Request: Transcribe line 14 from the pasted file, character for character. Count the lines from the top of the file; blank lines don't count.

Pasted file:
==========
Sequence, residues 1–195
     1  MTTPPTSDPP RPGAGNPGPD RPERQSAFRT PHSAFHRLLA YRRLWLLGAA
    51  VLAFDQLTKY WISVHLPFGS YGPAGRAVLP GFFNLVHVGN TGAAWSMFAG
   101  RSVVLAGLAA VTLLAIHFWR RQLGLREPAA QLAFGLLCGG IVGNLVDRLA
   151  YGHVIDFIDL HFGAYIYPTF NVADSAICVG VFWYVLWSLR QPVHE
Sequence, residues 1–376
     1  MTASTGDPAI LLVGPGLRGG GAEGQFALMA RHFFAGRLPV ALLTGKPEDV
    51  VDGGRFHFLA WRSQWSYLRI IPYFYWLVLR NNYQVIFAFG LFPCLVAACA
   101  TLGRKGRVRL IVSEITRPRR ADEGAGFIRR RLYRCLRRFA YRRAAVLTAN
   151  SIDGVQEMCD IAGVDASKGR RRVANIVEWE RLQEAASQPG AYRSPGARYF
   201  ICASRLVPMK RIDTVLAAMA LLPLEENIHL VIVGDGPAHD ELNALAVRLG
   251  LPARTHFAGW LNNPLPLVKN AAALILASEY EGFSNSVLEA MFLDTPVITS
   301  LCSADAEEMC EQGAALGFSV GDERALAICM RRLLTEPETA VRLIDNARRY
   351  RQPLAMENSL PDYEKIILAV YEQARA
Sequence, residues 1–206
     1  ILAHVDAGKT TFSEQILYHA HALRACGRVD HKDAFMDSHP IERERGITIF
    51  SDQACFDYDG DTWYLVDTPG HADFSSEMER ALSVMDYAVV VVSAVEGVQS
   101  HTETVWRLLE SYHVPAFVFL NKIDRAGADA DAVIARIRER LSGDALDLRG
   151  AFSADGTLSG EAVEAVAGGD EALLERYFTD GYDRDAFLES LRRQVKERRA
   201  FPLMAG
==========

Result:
   351  RQPLAMENSL PDYEKIILAV YEQARA